Murder, manslaughter convictions stand in Fulton baby killer case

The state's highest court is weighing in on the murder of a Fulton baby.

The Court of Appeals has upheld the murder and manslaughter convictions of Jay Barboni. In 2009, Barboni was convicted of killing 15-month-old Nicholas Gage Taylor. The infant wasn't breathing when he was found in a Fulton apartment on August 18, 2008. The boy was taken to Lee Memorial Hospital in Fulton where he later died.

The Onondaga County Medical Examiner found the boy suffered multiple skull fractures, bleeding on his brain and retinal bleeding in his eyes. At trial, a doctor testified that had Taylor lived, he would have been legally blind. He also had more than 20 separate contusions from head to toe with the worst brusies around his neck.

Barboni was convicted of 2nd degree murder (depraved indifference murder) and 1st degree manslaughter. He was sentenced to 25 years to life in prison on the murder conviction and a concurrent sentence of 20 years on the manslaughter conviction.

Barboni appealed his conviction, arguing that the evidence at trial was legally insufficient to support his conviction for depraved indifference murder. He also argued certain items of physical evidence should have been suppressed, and that he had ineffective legal representation.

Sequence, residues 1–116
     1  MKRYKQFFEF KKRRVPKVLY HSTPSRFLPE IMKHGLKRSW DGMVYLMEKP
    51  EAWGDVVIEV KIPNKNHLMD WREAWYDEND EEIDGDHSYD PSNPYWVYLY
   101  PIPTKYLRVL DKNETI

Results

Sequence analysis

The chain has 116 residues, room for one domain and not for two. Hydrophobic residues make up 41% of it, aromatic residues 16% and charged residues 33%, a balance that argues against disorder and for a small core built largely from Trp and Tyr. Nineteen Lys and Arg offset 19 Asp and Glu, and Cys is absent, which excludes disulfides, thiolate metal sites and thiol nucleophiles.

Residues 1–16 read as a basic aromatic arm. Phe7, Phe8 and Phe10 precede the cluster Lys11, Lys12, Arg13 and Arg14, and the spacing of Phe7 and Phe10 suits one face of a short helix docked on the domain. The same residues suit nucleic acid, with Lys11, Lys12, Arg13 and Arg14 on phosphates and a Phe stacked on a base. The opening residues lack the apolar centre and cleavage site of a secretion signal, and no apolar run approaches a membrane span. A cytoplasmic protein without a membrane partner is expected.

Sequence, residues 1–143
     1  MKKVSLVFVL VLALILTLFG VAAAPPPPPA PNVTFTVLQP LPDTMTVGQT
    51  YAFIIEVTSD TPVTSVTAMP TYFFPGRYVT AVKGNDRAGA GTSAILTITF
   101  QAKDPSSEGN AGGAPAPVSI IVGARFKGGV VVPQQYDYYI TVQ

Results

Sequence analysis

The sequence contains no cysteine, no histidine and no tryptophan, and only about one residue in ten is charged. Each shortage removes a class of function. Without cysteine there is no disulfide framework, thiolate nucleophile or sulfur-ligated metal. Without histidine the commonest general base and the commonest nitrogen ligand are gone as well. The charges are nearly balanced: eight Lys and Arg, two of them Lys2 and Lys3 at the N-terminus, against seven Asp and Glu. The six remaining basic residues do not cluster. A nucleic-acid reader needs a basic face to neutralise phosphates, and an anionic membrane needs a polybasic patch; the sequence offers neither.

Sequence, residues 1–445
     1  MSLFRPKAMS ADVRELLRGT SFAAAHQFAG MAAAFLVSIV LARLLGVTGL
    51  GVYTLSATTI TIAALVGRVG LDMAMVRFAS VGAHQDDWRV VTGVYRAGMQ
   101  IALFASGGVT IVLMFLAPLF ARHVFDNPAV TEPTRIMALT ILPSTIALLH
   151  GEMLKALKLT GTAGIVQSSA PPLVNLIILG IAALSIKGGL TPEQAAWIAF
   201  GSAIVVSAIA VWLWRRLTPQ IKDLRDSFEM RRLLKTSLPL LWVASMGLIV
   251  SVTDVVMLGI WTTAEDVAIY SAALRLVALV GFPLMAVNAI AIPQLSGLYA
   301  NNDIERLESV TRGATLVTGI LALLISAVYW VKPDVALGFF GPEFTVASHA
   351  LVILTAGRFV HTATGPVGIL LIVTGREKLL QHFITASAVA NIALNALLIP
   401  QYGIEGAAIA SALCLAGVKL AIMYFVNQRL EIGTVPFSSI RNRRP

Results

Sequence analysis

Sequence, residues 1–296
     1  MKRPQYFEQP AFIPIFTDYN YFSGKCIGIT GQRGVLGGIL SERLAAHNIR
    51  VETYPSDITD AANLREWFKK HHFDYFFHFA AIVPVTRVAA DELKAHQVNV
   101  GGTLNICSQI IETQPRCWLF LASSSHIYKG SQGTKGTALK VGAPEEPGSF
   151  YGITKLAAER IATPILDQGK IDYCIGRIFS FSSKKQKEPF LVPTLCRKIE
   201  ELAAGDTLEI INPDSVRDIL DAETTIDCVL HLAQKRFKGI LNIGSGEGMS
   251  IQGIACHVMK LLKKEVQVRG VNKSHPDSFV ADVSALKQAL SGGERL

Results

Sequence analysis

In 2011, the Appellate Division rejected Barboni's claims and unanimously affirmed his conviction.

The Court of Appeals granted his application for an appeal. The high court later ruled Barboni's state of mind was one of "utter disregard for the value of human life" and that his "failure, over some two hours, to seek medical attention for the child...turned a brutal assault into a brutal prolonged course of conduct against a particularly vulnerable victim."

District Attorney Greg Oakes, who prosecuted the case along with then-Chief Assistant District Attorney Donald Todd says he is relieved by the court's decision. "Although I am pleased with the Court's decision to affirm the conviction, there is no celebration. At the end of the day, an innocent boy lost his life and unfortunately we cannot undo that senseless loss."

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